Cutting Wooden Dowels For a Cake

Utilize wide straws to cut wooden dowels for cakes. These straws are easy to cut and can handle the task without stress.

To complete the project, it’s important to cut wooden dowel pieces precisely so they would fit seamlessly within the structure.


To understand the strength of straws, try this experiment: Place a straw vertically between your palms and press them together.

You’ll find it doesn’t crush easily, demonstrating the strength of a hollow cylinder. I suggest opting for wider straws with thick walls for better results. If using thin straws, simply use more of them.

cutting wooden dowel for a cake

What Are Wooden Dowels Used For?

Wooden dowels serve various purposes, such as filling holes in gun stocks, repairing screw holes, cracks, and gaps in furniture, strengthening lumber joints, and cabinet making. They are essential for securely connecting two wooden parts and ensuring robust bonds.

However, several dowels require glue to maintain the connection over time, as a lack of adhesive can compromise the joint’s dimensional stability.

What Alternatives to Use Instead Of Wooden Dowels

As alternatives to wooden dowels, consider using:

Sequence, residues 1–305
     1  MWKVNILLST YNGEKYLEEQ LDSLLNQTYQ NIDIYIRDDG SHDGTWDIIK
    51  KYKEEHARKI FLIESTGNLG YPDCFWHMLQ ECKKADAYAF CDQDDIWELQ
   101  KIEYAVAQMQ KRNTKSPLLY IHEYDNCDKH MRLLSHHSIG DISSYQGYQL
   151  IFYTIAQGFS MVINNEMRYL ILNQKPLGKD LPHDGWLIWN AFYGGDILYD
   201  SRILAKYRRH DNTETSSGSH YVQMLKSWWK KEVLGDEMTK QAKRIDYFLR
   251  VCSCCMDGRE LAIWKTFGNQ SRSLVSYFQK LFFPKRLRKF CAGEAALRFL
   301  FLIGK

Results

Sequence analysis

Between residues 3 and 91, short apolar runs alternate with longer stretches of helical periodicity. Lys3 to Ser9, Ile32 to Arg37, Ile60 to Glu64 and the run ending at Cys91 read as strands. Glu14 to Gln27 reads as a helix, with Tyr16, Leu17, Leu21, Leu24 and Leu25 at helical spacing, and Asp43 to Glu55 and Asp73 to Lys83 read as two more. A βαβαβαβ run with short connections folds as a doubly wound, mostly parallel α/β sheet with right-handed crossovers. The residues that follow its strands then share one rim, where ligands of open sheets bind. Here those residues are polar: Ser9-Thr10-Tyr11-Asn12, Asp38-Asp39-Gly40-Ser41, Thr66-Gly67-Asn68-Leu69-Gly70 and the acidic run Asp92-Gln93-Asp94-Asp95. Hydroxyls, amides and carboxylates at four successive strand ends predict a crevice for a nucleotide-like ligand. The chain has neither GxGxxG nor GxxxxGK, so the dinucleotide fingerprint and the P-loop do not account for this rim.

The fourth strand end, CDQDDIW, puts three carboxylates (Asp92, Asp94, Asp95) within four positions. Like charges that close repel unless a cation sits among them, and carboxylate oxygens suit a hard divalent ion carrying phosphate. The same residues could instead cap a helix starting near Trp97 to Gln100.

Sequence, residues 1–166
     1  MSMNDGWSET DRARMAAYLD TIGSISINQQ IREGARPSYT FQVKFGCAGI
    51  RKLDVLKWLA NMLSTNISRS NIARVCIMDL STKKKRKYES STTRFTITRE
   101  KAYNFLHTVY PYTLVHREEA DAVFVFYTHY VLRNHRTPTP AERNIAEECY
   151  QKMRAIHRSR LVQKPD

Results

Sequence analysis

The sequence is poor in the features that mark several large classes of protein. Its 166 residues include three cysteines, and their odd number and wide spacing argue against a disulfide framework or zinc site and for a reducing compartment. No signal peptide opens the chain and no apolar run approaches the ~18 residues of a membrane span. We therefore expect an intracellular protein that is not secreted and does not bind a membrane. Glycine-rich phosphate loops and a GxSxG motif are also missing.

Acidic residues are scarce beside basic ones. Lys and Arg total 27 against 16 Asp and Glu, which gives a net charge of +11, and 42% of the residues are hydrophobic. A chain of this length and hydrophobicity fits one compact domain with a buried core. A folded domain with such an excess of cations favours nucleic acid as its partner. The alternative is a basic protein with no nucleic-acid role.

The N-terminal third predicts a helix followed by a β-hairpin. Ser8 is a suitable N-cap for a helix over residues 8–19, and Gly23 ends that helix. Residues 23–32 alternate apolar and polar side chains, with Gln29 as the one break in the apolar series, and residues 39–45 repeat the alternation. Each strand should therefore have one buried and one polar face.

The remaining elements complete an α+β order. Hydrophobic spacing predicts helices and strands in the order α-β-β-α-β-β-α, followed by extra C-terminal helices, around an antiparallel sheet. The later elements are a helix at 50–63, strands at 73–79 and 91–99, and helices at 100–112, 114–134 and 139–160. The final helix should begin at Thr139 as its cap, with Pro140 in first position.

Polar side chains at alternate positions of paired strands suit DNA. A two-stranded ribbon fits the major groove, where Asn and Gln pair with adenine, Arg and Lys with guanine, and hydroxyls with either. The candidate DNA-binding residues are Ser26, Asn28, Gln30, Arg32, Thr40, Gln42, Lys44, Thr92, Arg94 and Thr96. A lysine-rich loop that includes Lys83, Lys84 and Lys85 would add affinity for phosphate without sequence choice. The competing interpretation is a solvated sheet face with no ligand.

However, I would still recommend using wooden dowels for their precision and sturdy connections. They are easily accessible at most local hardware stores.

What’s the Strongest Wood Dowel?

Hickory wooden dowels are the strongest due to their high density and robust hardwood composition. 

hickory wooden dowel

Capable of withstanding significant stress and pressure, hickory dowels are utilized in large construction projects and high-end furniture production. 

Boasting a Janka hardness rating of 1,820 lbf [1], hickory demonstrates superior wear and tear resistance, outperforming other wood types in strength.

Suggested Readings For You


Mastering how to cut wooden dowels is a valuable skill for woodworking projects. By exploring various cutting methods and equipment, you can achieve precise and strong dowel connections.

Remember to select the appropriate wood type and dimensions for optimal results. Armed with this knowledge, you’ll be well-equipped to tackle any project that requires cutting wooden dowels efficiently and accurately.

Robert Johnson is a passionate furniture maker & carpenter, sought after for his knowledge on the craft.
You've probably seen his down-to-earth wisdom in USA Today, Bobvila, Family Handyman, and The Spruce, where he has shared commentary and guidance on various woodworking topics.

Robert is the brain behind Sawinery, where he aims to share tips, tricks, and a passion for all things carpentry.
Robert Johnson